Wednesday, November 12, 2014

A little confusing

One gets rather confused with some of the replies HMG produces to questions put down by noble Lords in the Upper House. Take this example: Lord Stoddart of Swindon asked the following Written Question:
To ask Her Majesty’s Government, further to the Written Answer by Lord Taylor of Holbeach on 4 August (HL1114) [actually, September 26] about the European Arrest Warrant, whether they consider that habeas corpus can be applied in other European jurisdictions following extradition; and, if so, how.
The last few words seem to be crucial.

HMG, in the shape of Lord Bates replied as follows (and I doubt if Lord Bates fully understood what his officials wrote there):
Article 12 of the relevant Framework Decision (“Keeping the person in detention”) states that “When a person is arrested on the basis of a European Arrest Warrant, the executing judicial authority shall take a decision on whether the requested person should remain in detention”. This obliges the relevant judicial authority to take a decision on whether or not the person should remain in detention, and that must be taken in accordance with the law of the executing State. Therefore, each and every EU Member State must consider carefully whether a person can be legally detained or not. That is in keeping with the intention underpinning the principle of habeas corpus.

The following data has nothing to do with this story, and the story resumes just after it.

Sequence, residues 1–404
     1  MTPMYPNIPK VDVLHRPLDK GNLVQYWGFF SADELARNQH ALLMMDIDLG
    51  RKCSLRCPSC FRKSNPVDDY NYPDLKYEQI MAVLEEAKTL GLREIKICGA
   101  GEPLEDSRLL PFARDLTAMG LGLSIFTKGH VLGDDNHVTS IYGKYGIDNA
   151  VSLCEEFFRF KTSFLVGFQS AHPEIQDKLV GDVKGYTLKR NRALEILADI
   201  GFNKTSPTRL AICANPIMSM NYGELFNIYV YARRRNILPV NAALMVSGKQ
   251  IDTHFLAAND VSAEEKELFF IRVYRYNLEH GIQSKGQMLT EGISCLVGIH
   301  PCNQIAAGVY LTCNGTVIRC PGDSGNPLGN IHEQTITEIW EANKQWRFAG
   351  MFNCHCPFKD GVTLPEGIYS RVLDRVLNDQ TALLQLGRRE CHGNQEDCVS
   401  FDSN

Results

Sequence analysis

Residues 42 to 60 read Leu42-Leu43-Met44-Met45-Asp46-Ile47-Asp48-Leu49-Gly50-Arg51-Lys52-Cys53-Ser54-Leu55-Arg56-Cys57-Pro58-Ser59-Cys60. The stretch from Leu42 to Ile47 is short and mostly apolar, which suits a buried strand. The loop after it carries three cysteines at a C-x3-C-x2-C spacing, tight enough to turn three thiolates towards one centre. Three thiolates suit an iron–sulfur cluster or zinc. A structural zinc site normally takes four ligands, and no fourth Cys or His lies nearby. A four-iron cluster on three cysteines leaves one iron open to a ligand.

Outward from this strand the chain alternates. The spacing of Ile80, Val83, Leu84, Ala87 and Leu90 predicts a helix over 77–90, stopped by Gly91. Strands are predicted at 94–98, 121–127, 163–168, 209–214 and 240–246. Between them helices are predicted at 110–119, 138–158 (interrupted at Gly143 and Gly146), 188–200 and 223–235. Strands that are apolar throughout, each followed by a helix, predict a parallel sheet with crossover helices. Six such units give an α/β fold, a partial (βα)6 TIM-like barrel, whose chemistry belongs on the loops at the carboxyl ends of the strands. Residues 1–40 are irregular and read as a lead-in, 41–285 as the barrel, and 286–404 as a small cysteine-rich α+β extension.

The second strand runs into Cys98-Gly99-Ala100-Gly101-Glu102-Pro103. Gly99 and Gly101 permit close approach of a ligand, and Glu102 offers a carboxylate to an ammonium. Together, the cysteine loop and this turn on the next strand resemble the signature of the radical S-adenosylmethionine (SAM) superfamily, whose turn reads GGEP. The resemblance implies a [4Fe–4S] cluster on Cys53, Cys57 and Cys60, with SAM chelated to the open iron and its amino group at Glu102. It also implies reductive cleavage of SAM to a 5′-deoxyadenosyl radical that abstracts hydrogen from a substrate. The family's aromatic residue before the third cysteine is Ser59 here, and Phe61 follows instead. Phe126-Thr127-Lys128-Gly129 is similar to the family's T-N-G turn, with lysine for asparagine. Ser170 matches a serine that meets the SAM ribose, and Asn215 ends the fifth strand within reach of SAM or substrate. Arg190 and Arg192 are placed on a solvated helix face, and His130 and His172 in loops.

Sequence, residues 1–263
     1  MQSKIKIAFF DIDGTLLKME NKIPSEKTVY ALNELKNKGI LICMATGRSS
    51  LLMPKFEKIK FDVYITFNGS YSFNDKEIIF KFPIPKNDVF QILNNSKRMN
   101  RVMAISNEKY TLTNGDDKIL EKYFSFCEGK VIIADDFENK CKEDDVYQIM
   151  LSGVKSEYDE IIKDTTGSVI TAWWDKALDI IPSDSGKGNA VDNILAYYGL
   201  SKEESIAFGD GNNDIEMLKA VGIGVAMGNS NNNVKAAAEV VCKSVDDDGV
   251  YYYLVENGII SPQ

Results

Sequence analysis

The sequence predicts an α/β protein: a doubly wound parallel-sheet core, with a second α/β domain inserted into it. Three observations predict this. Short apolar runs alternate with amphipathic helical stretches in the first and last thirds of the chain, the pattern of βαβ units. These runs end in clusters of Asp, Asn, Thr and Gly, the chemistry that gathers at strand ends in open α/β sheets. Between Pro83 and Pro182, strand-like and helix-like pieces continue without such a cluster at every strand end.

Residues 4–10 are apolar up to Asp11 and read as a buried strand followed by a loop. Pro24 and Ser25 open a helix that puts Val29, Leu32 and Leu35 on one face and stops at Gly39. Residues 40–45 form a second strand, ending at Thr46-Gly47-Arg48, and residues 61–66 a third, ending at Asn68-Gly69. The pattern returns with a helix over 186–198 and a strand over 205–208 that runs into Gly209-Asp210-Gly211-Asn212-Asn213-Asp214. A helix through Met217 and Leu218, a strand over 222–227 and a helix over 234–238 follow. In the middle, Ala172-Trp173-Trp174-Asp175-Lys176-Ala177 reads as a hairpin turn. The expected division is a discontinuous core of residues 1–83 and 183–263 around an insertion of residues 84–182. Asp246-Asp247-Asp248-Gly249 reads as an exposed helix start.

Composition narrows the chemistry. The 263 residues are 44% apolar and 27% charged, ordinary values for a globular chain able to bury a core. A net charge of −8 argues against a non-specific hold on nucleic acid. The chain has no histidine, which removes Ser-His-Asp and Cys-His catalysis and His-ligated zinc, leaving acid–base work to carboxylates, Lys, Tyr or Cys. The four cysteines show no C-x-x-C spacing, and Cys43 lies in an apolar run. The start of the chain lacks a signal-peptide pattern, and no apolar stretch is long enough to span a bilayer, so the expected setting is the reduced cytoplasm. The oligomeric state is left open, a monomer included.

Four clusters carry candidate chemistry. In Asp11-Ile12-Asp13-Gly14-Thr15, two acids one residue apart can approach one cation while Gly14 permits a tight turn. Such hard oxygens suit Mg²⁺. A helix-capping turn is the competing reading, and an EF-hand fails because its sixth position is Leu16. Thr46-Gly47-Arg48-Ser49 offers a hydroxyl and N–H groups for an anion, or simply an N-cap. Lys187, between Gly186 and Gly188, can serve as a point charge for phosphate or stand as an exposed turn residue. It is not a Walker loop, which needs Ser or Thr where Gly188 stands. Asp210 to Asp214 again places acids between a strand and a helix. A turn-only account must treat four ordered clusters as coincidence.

The Government has also introduced reforms to the operation of the Arrest Warrant that limit the unjustified detention abroad of individuals surrendered by the United Kingdom. For example, section 12A of the Extradition Act 2003 provides a bar to extradition on the grounds of “absence of prosecution decision”. This means that, in cases where the person is wanted to stand trial, extradition can only go ahead where the issuing State has made a decision to charge the person and a decision to try the person, or that the person’s absence from that State is the only reason for the failure to take the decision(s). This provision ensures that, where a State is simply not ready to try a person, extradition is refused and the person is not surrendered only to spend a potentially lengthy period in pre-trial detention.

Following our reforms, Section 21B of the same Act allows, with both the requested person’s and the issuing State’s consent, for the person’s temporary transfer to the issuing State or for the person to speak with the authorities in that State whilst he or she remains in the UK (for example, by video link). This provision ensures those who are subject to an Arrest Warrant have an opportunity to communicate with the issuing State without being surrendered. In a number of cases this may result in the issuing State withdrawing the Arrest Warrant (e.g. if it decides the person is not the person they are looking for), ensuring the minimum time possible will be spent in detention.
I think he is saying that Habeas Corpus remains important despite the European Arrest Warrant but I am not really sure.

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